And some of the utilities themselves are directly investing dollars into research and development, Kirkeby said. “We are actively trying to help the community be successful.”
What role for Washington state?
While local tech news is dominated by the success of companies outside the energy sector, there have been multiple acquisitions and lucrative VC deals in the Northwest in recent years — though most were in energy software. Some notable acquisitions since 2016 include:
- Seattle’s EnergySavvy, a software company that helps utilities engage with their customers, by Boulder, Colo.-based Tendril last month
- Seattle’s BuildPulse, a software company in energy management, by Surrey, B.C.-based CopperTree Analytics in November 2018
- Demand Energy Networks, a software company providing management of energy storage, located near Spokane, by Italy’s Enel in January 2017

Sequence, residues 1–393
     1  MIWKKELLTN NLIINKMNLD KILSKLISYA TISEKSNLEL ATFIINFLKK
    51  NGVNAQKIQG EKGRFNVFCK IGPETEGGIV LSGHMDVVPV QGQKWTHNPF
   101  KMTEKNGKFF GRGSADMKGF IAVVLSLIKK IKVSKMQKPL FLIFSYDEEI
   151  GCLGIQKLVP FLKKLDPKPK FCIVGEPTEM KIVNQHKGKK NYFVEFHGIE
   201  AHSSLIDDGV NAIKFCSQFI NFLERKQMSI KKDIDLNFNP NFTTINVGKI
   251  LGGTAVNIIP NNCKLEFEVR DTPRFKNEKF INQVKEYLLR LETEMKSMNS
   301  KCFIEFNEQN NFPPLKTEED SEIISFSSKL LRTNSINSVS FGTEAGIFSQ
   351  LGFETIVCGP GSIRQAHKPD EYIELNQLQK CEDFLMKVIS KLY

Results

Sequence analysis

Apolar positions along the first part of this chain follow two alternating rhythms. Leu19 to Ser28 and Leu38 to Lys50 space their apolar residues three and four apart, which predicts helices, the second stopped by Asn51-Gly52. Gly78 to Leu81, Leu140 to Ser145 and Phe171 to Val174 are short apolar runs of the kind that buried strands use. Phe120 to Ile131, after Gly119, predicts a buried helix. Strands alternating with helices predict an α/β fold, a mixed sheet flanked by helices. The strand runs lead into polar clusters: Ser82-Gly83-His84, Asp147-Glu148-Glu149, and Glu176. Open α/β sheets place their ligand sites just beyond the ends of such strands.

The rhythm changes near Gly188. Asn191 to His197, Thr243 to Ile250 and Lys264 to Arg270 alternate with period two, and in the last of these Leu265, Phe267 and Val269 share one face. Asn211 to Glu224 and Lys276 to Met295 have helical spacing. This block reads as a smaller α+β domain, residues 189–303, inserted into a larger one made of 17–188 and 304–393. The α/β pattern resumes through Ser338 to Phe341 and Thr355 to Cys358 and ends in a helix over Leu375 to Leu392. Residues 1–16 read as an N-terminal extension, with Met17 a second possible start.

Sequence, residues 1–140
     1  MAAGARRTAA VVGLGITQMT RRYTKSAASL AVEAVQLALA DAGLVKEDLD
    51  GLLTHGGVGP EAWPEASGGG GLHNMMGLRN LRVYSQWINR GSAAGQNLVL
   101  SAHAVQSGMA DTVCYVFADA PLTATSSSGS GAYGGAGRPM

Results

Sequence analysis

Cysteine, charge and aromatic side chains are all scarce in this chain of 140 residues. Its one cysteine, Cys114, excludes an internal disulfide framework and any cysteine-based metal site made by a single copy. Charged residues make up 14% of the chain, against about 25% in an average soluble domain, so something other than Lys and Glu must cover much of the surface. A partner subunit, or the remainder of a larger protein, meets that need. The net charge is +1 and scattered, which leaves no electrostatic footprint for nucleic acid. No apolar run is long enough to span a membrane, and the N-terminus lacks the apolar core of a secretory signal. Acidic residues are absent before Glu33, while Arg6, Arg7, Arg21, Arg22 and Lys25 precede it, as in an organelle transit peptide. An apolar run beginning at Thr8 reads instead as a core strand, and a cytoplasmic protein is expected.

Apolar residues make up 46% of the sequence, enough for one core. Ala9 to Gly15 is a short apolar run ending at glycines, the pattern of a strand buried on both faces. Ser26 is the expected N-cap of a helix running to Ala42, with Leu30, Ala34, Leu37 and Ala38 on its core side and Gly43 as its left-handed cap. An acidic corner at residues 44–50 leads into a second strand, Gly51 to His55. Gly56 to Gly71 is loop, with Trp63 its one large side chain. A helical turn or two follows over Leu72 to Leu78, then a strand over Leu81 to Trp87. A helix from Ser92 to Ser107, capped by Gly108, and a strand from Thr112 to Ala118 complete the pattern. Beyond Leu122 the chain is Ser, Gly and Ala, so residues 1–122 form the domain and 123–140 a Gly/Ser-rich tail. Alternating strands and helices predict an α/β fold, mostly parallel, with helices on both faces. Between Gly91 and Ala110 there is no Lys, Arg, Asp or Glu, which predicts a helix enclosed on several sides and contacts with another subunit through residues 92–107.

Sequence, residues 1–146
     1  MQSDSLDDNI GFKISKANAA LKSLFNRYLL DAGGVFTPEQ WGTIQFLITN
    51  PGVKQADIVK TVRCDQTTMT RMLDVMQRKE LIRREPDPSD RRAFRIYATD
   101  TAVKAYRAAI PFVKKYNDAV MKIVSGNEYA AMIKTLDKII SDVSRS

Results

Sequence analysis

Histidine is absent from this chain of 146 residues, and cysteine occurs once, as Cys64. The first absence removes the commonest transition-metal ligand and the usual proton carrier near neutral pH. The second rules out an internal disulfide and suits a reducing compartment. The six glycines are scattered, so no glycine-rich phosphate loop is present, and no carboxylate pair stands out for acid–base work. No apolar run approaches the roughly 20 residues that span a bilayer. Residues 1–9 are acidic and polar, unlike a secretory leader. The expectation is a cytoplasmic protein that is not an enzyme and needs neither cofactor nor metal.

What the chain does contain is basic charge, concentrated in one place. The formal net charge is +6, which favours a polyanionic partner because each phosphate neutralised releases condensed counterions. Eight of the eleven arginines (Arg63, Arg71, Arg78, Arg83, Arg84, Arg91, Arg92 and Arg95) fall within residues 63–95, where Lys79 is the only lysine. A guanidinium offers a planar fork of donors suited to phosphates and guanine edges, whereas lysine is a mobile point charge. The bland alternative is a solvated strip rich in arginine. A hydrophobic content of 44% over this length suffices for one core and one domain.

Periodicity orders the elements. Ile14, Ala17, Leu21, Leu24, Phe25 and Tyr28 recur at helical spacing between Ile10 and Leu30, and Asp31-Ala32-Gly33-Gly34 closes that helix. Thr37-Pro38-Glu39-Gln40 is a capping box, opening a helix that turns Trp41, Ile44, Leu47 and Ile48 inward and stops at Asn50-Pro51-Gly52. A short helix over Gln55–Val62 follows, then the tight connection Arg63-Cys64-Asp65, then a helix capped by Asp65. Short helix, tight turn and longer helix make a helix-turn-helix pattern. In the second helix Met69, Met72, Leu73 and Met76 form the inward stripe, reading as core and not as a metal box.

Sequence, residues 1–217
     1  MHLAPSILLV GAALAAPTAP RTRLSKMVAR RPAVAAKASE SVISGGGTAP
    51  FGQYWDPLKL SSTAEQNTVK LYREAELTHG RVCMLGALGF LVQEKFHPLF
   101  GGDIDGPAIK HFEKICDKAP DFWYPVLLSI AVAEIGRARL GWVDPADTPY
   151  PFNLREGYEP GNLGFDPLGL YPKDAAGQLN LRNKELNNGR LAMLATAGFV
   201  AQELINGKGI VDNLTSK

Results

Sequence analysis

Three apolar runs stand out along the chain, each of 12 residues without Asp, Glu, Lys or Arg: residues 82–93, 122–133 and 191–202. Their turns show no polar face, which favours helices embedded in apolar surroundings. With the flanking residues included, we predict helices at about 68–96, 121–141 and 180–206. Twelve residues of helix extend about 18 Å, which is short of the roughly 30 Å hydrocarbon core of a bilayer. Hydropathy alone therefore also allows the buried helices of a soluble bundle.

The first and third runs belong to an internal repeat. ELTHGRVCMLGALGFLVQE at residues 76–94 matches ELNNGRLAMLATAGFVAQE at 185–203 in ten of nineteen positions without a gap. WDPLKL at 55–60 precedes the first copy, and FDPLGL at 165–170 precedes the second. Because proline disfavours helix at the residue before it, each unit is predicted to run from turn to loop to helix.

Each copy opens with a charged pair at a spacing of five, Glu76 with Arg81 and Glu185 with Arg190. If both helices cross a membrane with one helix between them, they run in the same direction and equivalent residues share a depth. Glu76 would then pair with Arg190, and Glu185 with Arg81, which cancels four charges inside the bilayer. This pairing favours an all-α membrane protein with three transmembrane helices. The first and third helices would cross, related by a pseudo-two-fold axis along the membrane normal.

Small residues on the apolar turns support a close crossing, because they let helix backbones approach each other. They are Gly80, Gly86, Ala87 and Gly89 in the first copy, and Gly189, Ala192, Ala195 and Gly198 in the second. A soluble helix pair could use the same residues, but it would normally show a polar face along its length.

- Seattle’s 1Energy Systems, a platform for managing the electrical grid, by South Korea’s Doosan in July 2016
- EnerG2, a UW-spinoff and manufacturer of carbon materials for energy storage, by Germany’s BASF in June 2016
- Seattle’s Powerit Solutions, a software company enabling electrical grid management, by Philadelphia’s Customized Energy Solutions (CES) in January 2016
LevelTen Energy, a Seattle company started in 2016, announced on Monday that it has landed a $20.5 million funding round led by Prelude Ventures. That brings the startup’s total funding to $27.3 million. LevelTen, which helps corporations more easily purchase renewable energy, reports that customers have bought more than $1 billion of green power through its platform.
Other significant fundraising rounds in clean energy include:
- Seattle’s solar energy startup OneEnergy Renewables raised $1.8 million in February 2017, following a $5 million round in October 2014 (LevelTen CEO Bryce Smith previously ran OneEnergy)
- Drift, a Seattle-based energy marketplace platform, has raised more than $10 million, most recently raising $7 million in October 2017
- Redmond’s Helion Energy, which is working on fusion reactor technology, raised $10.6 million in July 2015
- Optimum Energy, a software company helping businesses save on heating and cooling costs for their buildings, has raised at least $45 million, with a $10.2 million round in August 2015